“My sculptures form a unique bridge between classic archaic thinking about plasticity and the modern-day approach towards visuality and space which is based on layers. I interpret the expression of my works with new materials and tools; I further enrich the intensity of plastic effects with colors, light, and even the effects of projection. My sculptures, which are mostly transparent and sometimes form a closed composition, are shaped like unidentifiable, faceless figures: the prototypes of ‘mass people’, a kind of standardized humans. Through giving a form to the body and its absence, and through searching for authentic ways of displaying the human figure I am actually looking for the soul.”




    “I am currently dealing with the issue of artistic expropriation, which I regard as recycling. I do not want to create an original work of art by creating a new style or sign, rather I choose from a pile of accumulated pieces of art and everyday items, and even reproduce them. Thus, I create new meaning without creating a new visual element. Furthermore, by creating a history for the known or only seen objects through repeating or copying them, the new work carries the memory and the history of these objects within itself. In my new series entitled ‘Recycled content’ I make watercolor copies of the landscape images used on the labels of bottled mineral water. With this gesture I am referring to the fact that the ‘untouched landscape’ seen on the picture do not exist anymore, since plastic waste has reached even the farthest and seemingly untouched corners of the Earth. By removing the brand name from the logo, I return the picture of a cleaned landscape."




    “There are numerous situations in which we are not quite sure of the right decision - therefore, we rely on the reactions of the people around us to decide. In ambiguous situations our actions resemble those of the group that surrounds us. In my works, I try to draw conclusions from these similarities and differences: the scenes, translated thus, are populated with faceless or masked figures who are searching for ways of freeing themselves from their ego in social interactions since it only holds them back. In these scenes I like to use elements, especially masks and totems from other cultures, mostly tribal communities. The masks or totems are representing taboos and superstitions, while the people and the faces are the carriers of them. At first, I mainly created graphic works, but nowadays I make installations and carvings as well.”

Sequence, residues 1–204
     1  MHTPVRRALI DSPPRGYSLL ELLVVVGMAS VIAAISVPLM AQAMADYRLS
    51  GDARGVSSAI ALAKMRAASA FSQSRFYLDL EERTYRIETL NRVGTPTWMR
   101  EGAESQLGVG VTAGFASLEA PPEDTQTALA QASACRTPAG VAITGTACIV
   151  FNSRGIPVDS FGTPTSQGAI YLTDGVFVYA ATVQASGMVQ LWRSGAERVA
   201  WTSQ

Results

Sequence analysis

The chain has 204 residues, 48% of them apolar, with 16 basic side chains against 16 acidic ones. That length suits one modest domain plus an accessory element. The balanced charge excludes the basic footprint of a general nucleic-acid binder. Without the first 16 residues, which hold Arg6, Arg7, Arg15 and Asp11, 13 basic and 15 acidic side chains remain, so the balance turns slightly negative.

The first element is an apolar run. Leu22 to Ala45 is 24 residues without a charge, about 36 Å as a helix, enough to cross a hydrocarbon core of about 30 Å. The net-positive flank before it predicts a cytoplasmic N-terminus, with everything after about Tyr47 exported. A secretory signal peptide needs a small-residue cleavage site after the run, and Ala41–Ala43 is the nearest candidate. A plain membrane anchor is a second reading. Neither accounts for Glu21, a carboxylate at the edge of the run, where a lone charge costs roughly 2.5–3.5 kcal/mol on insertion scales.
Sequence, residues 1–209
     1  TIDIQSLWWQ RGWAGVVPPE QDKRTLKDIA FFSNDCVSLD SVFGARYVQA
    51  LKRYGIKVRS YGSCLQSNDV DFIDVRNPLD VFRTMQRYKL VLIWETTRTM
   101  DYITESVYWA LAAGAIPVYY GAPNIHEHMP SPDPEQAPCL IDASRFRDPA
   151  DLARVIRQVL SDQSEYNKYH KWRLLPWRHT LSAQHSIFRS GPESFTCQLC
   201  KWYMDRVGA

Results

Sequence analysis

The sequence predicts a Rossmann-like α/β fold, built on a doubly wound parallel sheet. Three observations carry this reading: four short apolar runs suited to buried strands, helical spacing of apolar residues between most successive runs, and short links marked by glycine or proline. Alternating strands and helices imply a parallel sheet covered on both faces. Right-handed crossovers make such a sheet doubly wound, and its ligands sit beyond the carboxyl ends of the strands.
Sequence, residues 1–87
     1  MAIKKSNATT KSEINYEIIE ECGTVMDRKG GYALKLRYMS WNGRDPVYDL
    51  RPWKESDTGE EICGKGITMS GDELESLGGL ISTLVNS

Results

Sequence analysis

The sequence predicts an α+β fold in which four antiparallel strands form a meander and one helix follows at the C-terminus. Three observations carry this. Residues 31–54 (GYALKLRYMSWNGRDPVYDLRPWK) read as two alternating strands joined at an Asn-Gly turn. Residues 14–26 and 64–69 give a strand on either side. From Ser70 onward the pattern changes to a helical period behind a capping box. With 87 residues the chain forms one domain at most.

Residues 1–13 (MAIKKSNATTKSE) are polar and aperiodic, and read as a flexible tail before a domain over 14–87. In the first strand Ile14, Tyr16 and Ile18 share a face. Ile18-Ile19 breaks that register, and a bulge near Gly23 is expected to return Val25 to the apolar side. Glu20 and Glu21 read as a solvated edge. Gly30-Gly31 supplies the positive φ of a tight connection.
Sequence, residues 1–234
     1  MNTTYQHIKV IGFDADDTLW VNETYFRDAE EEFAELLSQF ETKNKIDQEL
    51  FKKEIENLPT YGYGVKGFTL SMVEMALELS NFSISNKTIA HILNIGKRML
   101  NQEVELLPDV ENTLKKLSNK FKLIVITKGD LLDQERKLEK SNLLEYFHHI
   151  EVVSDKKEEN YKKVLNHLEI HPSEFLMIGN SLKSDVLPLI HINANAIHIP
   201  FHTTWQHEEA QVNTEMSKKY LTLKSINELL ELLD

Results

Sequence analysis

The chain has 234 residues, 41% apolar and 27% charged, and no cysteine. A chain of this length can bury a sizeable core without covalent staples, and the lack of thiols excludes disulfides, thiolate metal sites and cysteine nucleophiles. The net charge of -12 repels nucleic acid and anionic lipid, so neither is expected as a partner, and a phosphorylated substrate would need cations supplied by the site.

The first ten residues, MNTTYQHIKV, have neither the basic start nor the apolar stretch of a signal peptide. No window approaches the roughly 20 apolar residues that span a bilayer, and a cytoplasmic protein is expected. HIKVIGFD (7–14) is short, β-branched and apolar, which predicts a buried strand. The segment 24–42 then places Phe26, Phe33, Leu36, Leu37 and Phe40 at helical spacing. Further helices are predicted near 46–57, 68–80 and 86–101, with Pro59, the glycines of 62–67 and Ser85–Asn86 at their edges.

“My reliefs depict emptied out spaces and landscapes which reflect a worldview shaped by human hands. I strip the spaces of details and concentrate their essence on the plate. I want to create the largest space that can be captured by the human eye and memory with the least amount of plasticity. Through the lack of connection, attachment and personality I show the loneliness of occasionally crowded in-between spaces. Perhaps only for a few moments, but I focus on thoughts that are primarily averted from us by ourselves. Through the emptiness of insertability I search for what is hidden in the viewer.”




    “I often describe myself as an old-fashioned painter whose practice rather turns inward, questioning the nature of painting. The theme of my works can primarily be understood through the answers given to the question of ‘what is happening when you are looking at a painting?’ - that is, they explore the vitality of the relationship between the painting and the viewer. I try to create paintings that confront my viewers with the usual "visual passivity", and where the routine object observation does not produce satisfactory results. The structure of the piece is also adapted to this playfulness. I often used a shaped base, or I make flexible compositions consisting of several separate (square) sheets and layers that allow the viewer to slide or rotate the elements individually, thus following the different phases of the motif.”